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Hannah Moskowitz

What I Didn’t Know About College as a High Schooler

This article is written by a student writer from the Her Campus at BU chapter.

When I started college in 2018, I had no idea what it would be like. I don’t have any older siblings or know many older college students, so I was going in pretty blind. If you are anything like I was in high school, here’s an honest look at what college is like that would have surprised me:

The amount you stressed about getting into college will seem stupid in comparison to getting a job after college.

There’s no Common App for the real world… When you’re applying to college, you know that you have four more years to figure out what you want to do and how. But when the time comes to graduate, filling out job applications is that much more frightening, because there is no safety net anymore. While taking the SAT and writing dozens of college essays is stressful, try and keep things in perspective because the best (and hardest) is yet to come.

Instantly meeting your best friends for life and never seeing your high school friends again is unlikely.

It’s the 21st century. It’s much easier to stay in contact with your old friends than your parents tell you. But this also comes with a price – there are times when everyone actually around you is too busy on their phones to do something social. And honestly, some of the Instagram posts of seemingly amazing social lives can be a little fabricated.

Somehow college is both socially overwhelming and lonely, but rarely a happy medium.

There are days when you have six classes, a club meeting, and you’re going to the gym with one friend, eating dinner with another, and working on a group project right after. There are also times when there’s no time to eat meals with other people, or you don’t have plans on a Friday night and you hear people right outside your room seemingly having the time of their lives.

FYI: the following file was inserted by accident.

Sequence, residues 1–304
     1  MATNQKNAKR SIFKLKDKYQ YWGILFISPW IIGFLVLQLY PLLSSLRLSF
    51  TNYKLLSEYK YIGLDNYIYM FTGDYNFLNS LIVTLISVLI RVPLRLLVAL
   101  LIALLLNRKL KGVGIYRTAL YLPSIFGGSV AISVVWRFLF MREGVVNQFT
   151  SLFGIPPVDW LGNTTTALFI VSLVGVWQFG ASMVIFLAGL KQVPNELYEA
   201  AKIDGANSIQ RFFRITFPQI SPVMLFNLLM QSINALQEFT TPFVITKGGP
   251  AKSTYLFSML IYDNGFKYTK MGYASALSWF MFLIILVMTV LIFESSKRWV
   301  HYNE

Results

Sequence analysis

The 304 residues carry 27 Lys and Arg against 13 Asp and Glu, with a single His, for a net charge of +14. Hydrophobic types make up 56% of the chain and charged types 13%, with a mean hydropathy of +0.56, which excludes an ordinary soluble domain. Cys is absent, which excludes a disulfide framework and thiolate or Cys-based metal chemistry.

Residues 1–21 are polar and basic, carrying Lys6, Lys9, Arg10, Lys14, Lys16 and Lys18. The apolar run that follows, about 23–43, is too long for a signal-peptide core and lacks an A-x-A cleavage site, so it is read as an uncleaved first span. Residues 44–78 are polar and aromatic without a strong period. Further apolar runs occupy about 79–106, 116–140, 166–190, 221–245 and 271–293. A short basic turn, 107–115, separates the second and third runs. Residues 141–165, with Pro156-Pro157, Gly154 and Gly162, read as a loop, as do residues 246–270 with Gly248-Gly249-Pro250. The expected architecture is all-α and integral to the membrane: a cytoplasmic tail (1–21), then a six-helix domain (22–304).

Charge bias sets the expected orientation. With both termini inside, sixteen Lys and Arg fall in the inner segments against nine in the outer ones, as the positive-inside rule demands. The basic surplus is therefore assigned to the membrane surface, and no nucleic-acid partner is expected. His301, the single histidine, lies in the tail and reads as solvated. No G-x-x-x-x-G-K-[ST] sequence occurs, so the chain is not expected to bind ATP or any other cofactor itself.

Professors don’t really care about you if you don’t make an effort to get to know them.

They treat you like the sort of adults you are, so they’ll leave you alone unless you go out of your way to get to know them or seek out help in the class, especially in a big lecture. Both terrifying and reliving. Bottom line is, if you want to develop a personal relationship with your professors and feel more at ease in class, you should definitely go to office hours or attend guest lectures that they recommend to show that you care. Not only will it make class less daunting, but it will also be extremely helpful once you need letters of recommendations for internships or grad school applications!

You’ll continue to develop interests you never would have thought possible.

The activity fairs are pretty amazing and will surprise you. I suggest trying out at least one new thing that is unrelated to your major. I’ve wanted to be a college DJ since I watched Pitch Perfect in seventh grade, and here I am now, thriving at WTBU, BU’s student-run radio station.

It’s incredibly stressful, and not everyone would agree, but there is a reason why people say it’s the best four years of your life.

College isn’t always easy, but you’ll have times so legendary that the stressful moments don’t even matter at the end of the day. You’re only an adult and teenager at the same time for a few years, and there are adventures and opportunities so great ahead that you’ll remember for the rest of your life.

I hope this article gave you an honest look at what college is like! Good luck if you’re starting college soon – I’m rooting for you!

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Olivia is a sophomore in the College of Arts and Sciences studying marine science. She loves the ocean and summer more than anything and wants to live somewhere warmer one day even though she's spent her whole life in Massachusetts. She also likes music, night runs, and writing pointless things.
Writers of the Boston University chapter of Her Campus.